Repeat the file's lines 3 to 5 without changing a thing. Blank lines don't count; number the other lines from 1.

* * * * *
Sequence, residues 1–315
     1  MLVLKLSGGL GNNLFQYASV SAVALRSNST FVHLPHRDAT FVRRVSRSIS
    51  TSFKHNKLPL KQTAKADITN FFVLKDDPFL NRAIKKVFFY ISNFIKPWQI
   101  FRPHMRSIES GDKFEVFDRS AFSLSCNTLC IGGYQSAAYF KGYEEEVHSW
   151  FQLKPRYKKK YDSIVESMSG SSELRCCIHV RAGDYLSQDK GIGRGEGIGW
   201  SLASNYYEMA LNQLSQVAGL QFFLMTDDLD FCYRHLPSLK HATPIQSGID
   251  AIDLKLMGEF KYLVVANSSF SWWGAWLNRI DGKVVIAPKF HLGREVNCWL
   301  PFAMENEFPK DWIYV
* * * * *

    51  TSFKHNKLPL KQTAKADITN FFVLKDDPFL NRAIKKVFFY ISNFIKPWQI
   101  FRPHMRSIES GDKFEVFDRS AFSLSCNTLC IGGYQSAAYF KGYEEEVHSW
   151  FQLKPRYKKK YDSIVESMSG SSELRCCIHV RAGDYLSQDK GIGRGEGIGW